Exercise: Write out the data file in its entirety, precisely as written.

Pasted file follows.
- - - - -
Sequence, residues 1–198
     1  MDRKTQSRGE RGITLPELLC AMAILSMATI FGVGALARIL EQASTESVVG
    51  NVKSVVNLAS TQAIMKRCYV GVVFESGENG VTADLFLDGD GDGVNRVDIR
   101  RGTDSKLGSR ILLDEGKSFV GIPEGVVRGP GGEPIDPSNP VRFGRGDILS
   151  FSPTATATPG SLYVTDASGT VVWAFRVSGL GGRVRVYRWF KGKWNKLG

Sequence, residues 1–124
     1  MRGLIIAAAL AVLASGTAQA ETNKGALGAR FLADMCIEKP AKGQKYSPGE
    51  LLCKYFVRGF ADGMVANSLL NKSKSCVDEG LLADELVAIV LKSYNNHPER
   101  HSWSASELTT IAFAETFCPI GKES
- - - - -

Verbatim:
Sequence, residues 1–198
     1  MDRKTQSRGE RGITLPELLC AMAILSMATI FGVGALARIL EQASTESVVG
    51  NVKSVVNLAS TQAIMKRCYV GVVFESGENG VTADLFLDGD GDGVNRVDIR
   101  RGTDSKLGSR ILLDEGKSFV GIPEGVVRGP GGEPIDPSNP VRFGRGDILS
   151  FSPTATATPG SLYVTDASGT VVWAFRVSGL GGRVRVYRWF KGKWNKLG

Sequence, residues 1–124
     1  MRGLIIAAAL AVLASGTAQA ETNKGALGAR FLADMCIEKP AKGQKYSPGE
    51  LLCKYFVRGF ADGMVANSLL NKSKSCVDEG LLADELVAIV LKSYNNHPER
   101  HSWSASELTT IAFAETFCPI GKES